Reviewed: Registration Casparby J. Gordon Faylor Published by: Ugly Ducking Presse
Michael Bell-Smith, still from mbs_fp_090712_demo_reel.mov. Source
“On the horizon you could literally see the businesses watching you back.” Welcome to Ceaurgle: the home of Caspar, the de facto protagonist in a novel unlike any I have ever read. In fact, it’s hard to tell if Caspar is even a living being, if Ceaurgle exists in cyberspace, and if any of these questions matter in the first place. I’ve never felt something dissolve so much as I attempted to read it. I found myself sifting through words like pixels, grains of sand, or miniscule cryptograms. Simultaneously arcane and technological, J. Gordon Faylor’s novel Registration Caspar is a harrowingly complex puzzle of language.
Presented as a series of spastic networks disguised as chapters, the narrative travels millions of directions at once, mediated by measurements and units of time, quadrants, degrees, and coordinates, all of which establish an off-kilter rhythm through the noise, allowing the reader a moment’s breath before being submerged again into the chaos. Monetary amounts pop up like minor annoyances or credit card charges. Part of the publishing contract for the book itself appears, injected in, almost camouflaged and unassuming. The chapter “Nura Dulcis” consists of a single sentence: “Improvements in speech recognition.”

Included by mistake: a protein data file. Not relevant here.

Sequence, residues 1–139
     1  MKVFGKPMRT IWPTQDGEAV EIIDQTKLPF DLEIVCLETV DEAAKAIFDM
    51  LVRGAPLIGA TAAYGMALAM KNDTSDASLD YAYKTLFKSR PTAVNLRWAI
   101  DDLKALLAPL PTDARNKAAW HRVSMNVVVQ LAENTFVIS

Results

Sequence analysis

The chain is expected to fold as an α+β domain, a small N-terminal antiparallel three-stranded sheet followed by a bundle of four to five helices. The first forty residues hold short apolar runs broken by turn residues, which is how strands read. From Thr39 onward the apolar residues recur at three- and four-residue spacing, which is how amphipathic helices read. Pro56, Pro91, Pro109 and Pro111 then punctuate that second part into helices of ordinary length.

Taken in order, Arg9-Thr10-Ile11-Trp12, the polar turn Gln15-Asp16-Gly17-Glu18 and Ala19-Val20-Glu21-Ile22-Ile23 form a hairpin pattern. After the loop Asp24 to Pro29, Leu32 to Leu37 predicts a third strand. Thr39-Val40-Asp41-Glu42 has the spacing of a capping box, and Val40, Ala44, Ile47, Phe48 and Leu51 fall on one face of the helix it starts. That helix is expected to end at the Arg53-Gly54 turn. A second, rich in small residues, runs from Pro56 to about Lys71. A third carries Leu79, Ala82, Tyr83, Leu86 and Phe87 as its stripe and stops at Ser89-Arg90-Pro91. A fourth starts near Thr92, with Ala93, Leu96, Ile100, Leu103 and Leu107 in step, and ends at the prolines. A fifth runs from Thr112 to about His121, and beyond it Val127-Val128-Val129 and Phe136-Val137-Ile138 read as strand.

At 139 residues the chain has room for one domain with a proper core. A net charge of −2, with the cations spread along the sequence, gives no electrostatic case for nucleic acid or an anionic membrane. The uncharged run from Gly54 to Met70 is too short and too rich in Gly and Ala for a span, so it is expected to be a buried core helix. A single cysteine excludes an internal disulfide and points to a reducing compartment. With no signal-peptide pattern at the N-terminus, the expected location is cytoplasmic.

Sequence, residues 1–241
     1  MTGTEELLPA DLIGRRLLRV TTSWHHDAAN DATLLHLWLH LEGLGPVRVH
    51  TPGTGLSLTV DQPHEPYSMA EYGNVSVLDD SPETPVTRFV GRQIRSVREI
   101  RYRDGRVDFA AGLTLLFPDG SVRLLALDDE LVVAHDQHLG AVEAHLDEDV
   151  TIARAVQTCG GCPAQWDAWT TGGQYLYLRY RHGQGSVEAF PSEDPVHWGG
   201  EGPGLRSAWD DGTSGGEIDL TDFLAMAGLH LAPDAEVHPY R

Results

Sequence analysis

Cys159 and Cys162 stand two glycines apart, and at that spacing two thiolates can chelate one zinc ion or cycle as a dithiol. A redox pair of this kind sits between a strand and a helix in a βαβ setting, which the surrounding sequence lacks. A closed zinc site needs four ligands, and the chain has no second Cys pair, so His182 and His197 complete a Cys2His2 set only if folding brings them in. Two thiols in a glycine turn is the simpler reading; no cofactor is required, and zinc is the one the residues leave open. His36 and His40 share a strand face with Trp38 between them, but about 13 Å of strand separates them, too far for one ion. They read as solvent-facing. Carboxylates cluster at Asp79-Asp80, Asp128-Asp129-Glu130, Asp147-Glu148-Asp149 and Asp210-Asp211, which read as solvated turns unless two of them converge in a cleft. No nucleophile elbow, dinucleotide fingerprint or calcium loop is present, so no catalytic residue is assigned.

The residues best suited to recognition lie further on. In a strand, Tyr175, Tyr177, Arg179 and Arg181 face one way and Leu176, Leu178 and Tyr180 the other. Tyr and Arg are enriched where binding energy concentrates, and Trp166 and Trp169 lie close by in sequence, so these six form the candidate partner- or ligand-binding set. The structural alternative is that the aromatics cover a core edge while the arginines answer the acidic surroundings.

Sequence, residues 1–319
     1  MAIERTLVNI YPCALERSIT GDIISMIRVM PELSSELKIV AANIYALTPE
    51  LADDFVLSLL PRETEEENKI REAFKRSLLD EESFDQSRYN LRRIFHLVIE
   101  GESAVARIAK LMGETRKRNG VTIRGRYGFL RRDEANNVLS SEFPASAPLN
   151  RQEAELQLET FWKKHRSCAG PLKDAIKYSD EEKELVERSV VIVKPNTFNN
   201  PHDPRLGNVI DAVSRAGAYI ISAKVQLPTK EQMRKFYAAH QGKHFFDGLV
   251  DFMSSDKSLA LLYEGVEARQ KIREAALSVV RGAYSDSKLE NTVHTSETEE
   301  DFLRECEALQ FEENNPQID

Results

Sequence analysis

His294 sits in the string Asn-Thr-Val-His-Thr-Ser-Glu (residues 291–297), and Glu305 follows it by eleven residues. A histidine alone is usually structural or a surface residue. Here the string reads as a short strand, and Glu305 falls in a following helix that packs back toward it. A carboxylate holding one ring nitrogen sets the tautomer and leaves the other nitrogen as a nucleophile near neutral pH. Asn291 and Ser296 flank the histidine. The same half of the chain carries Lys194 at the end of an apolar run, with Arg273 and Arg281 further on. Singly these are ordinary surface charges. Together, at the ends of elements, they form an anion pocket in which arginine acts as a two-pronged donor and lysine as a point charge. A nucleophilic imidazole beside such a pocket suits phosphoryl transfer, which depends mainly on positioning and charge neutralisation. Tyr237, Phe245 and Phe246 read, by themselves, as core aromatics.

The slippery plot follows the day-to-day malaise of the office drone Caspar, doomed for preeminent deletion. Bureaucratic tasks of absurd and befuddling survival are frequently enmeshed within the psychedelic nonsense language of a malfunctioning email server. It all feels like a purgatorial acid trip. Take, for instance, this pastoral meditation:
It had been April or May at this point. I noted the pitch emotion and liked the intent of it, its charming and educated treats: them. Our four trusting chief time series models hydrologic designations of some note some four months ago, intended for river flow forecasting, the mummified beach generation of the synthetic data collections, their “stochastic, chains rows satisfactorily identified and represented in computer time,” the faded pink colors, the carved blocks, the bright rain.